throw `${key} is not defined and no default value was provided`;
    }
    return defaultValue;
}

// Helper method for fetching a connection provider to the Ethereum network
function getProvider() {
    return ethers.getDefaultProvider(getEnvVariable("NETWORK", "rinkeby"), {
        alchemy: getEnvVariable("ALCHEMY_KEY"),
    });
}

// Helper method for fetching a wallet account using an environment variable for the PK
function getAccount() {
    return new ethers.Wallet(getEnvVariable("ACCOUNT_PRIVATE_KEY"), getProvider());
}

// Helper method for fetching a contract instance at a given address
function getContract(contractName, hre) {
    const account = getAccount();
    return getContractAt(hre, contractName, getEnvVariable("NFT_CONTRACT_ADDRESS"), account);
}

module.exports = {
    getEnvVariable,
    getProvider,
    getAccount,
    getContract,
}

Note that we also need to export this new helper as part of module.exports in Lines 34 - 39. The very last step is importing the new mint.js file to our hardhat.config.js configuration so that it is picked up by Hardhat:

/**
* @type import('hardhat/config').HardhatUserConfig
*/

require('dotenv').config();
require("@nomiclabs/hardhat-ethers");
require("./scripts/deploy.js");
require("./scripts/mint.js");

const { ALCHEMY_KEY, ACCOUNT_PRIVATE_KEY } = process.env;

module.exports = {
   solidity: "0.8.0",
   defaultNetwork: "rinkeby",
   networks: {
    hardhat: {},
    rinkeby: {
      url: `https://eth-rinkeby.alchemyapi.io/v2/${ALCHEMY_KEY}`,
      accounts: [`0x${ACCOUNT_PRIVATE_KEY}`]
    },
    ethereum: {
      chainId: 1,
      url: `https://eth-mainnet.alchemyapi.io/v2/${ALCHEMY_KEY}`,
      accounts: [`0x${ACCOUNT_PRIVATE_KEY}`]
    },
  },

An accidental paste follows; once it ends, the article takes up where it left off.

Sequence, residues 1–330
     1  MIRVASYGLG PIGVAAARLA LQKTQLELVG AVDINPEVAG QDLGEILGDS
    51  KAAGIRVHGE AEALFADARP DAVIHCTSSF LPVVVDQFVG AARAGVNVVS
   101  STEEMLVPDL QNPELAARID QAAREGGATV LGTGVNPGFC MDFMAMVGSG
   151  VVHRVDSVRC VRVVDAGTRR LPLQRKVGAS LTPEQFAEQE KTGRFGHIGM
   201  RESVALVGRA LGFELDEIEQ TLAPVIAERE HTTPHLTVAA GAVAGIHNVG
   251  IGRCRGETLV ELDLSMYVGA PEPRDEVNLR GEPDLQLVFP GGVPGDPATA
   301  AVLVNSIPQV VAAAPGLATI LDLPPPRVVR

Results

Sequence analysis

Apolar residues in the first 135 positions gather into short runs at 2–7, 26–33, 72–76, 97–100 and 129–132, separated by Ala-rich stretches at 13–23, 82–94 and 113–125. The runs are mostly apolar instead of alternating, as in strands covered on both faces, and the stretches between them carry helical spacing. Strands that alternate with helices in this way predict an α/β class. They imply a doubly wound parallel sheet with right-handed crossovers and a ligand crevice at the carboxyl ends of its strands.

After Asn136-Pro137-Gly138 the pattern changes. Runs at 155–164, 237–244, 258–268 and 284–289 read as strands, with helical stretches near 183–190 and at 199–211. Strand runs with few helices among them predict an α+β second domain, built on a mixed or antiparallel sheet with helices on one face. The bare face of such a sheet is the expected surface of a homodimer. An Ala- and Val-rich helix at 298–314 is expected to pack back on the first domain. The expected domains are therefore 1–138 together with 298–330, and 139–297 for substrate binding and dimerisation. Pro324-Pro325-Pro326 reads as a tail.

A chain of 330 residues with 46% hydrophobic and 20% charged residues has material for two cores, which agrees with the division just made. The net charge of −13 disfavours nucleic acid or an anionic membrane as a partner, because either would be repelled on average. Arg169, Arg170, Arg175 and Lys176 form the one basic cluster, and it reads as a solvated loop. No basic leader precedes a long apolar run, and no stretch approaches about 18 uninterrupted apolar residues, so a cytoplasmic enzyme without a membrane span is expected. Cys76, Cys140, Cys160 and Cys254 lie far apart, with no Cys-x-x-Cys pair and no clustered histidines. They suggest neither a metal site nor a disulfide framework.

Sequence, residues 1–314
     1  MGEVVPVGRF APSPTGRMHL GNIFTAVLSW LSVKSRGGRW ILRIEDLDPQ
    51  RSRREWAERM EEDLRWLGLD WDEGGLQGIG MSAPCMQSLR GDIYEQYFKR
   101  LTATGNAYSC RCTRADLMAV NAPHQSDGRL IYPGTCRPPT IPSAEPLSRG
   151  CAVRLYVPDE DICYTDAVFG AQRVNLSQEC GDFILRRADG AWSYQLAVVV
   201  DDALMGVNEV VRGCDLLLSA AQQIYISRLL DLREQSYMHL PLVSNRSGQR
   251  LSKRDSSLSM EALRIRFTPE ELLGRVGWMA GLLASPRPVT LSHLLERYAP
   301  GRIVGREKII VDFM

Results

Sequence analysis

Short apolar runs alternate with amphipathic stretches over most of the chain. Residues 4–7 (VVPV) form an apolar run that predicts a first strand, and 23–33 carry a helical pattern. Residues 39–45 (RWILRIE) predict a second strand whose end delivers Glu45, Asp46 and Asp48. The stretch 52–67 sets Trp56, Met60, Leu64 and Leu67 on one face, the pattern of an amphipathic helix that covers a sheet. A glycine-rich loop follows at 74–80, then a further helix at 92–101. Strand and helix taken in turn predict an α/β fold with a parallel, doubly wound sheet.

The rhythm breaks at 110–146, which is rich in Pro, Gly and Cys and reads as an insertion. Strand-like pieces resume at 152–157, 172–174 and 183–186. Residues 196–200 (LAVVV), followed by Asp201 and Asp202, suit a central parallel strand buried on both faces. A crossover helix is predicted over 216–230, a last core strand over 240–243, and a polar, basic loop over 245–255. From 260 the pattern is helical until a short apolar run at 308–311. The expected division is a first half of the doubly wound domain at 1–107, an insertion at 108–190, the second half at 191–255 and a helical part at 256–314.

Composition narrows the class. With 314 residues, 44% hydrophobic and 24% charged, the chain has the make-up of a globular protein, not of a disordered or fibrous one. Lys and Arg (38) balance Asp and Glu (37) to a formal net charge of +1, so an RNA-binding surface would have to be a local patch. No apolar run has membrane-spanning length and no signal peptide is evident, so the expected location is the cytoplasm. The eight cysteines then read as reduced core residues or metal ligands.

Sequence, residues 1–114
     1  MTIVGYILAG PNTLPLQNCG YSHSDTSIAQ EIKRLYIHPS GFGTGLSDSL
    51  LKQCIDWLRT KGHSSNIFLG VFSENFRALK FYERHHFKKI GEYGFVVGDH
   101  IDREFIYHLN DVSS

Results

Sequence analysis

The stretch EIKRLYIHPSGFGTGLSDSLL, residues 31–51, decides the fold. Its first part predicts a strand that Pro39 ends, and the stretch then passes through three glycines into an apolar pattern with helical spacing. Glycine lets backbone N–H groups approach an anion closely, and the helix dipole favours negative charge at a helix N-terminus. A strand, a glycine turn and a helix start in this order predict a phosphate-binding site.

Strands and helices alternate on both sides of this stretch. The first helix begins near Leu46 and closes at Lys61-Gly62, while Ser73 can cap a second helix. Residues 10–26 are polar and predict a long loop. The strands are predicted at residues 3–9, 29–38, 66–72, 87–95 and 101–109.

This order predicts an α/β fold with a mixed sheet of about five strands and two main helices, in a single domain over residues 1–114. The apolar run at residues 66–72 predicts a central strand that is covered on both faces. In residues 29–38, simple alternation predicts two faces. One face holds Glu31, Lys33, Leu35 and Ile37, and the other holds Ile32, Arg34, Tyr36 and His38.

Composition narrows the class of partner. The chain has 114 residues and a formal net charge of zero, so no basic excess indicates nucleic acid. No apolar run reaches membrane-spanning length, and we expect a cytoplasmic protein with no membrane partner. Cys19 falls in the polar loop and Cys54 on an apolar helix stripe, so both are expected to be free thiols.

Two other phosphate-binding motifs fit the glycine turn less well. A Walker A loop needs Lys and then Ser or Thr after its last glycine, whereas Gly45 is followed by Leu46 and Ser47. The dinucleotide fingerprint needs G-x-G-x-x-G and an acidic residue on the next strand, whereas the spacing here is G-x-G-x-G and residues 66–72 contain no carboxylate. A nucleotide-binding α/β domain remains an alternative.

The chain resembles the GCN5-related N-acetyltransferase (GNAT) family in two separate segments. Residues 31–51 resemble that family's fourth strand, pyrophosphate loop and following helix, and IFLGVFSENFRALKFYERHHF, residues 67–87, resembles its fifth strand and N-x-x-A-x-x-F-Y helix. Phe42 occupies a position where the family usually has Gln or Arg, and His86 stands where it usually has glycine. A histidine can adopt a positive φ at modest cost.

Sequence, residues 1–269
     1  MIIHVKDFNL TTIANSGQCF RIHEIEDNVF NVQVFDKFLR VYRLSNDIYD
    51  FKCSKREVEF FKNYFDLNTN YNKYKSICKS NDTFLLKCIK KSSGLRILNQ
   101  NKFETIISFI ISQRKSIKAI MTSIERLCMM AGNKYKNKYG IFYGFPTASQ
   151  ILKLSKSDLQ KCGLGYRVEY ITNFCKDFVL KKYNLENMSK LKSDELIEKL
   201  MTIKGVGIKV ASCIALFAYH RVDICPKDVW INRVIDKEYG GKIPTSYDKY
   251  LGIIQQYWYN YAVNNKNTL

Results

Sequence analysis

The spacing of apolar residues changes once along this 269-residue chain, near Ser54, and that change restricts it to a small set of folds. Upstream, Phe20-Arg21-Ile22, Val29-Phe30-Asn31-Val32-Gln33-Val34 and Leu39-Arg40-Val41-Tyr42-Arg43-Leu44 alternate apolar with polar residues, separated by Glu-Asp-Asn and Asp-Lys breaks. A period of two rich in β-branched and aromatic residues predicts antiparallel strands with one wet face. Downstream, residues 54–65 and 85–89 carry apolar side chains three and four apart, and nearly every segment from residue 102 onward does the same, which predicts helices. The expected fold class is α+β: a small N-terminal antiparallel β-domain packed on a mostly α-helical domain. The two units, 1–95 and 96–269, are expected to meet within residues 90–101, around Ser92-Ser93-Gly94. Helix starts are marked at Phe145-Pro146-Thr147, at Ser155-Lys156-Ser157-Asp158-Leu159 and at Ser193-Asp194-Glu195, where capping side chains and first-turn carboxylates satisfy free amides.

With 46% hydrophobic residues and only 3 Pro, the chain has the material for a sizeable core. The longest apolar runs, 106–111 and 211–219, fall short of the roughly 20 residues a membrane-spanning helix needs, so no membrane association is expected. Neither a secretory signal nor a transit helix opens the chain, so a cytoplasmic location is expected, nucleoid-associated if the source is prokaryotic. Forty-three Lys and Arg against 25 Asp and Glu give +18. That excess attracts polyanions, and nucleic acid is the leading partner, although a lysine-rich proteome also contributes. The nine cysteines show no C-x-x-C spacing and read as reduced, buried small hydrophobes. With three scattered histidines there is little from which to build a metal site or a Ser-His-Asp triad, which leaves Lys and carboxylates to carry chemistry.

}

We are now ready to go! To mint tokens, call our new mint task:

> npx hardhat mint --address 0xb9720BE63Ea8896956A06d2dEd491De125fD705E
========= NOTICE =========
Request-Rate Exceeded  (this message will not be repeated)

The default API keys for each service are provided as a highly-throttled,
community resource for low-traffic projects and early prototyping.

While your application will continue to function, we highly recommended
signing up for your own API keys to improve performance, increase your
request rate/limit and enable other perks, such as metrics and advanced APIs.

For more details: https://docs.ethers.io/api-keys/
==========================
Transaction Hash: 0x16ea832e486f115fb828dbec20e578a008675998256c807682d8cbdca17264d3

If you take that transaction hash over to Etherscan, you should see something like this:

This transaction record shows us who called the contract function, what the outcome was (Tokens Transferred) and how much the transaction cost the caller in both gas fees and cost to transact.

Summary

If you followed this part of the tutorial right, your project should be structured like this:

> tree -L 3 -I 'node_modules*|cache*'
.
├── LICENSE
├── README.md
├── artifacts
│   ├── @openzeppelin
│   │   └── contracts
│   ├── build-info
│   │   └── f179c78b6322d2fddc1e72511467aa46.json
│   └── contracts
│       └── NFT.sol
├── contracts
│   └── NFT.sol
├── hardhat.config.js
├── package-lock.json
├── package.json
└── scripts
    ├── deploy.js
    ├── helpers.js
    └── mint.js

8 directories, 10 files

This is now a fully functioning NFT item minted to your wallet and ready to be used. You can continue to call npx hardhat mint --address {address} in order to mint more tokens to your wallet. You can also call deploy again to deploy the contract another time.

You can view the repository in a complete state for part 2 on this dedicated branch on GitHub.

Next Steps

If you stop here, you already have a deployed NFT contract that can be easily minted from yourself. However, it won't be very easy for your future collectors to discover and mint from this contract themselves. Additionally, minting tokens is currently free, meaning you can't paid for your work. Most importantly, the tokens you mint are not associated with any metadata, so they can't be visually represented on OpenSea or on your dedicated website.

In the next part of the tutorial, we will go over assigning metadata to individual tokens as well as adding a flat price for minting from the contract.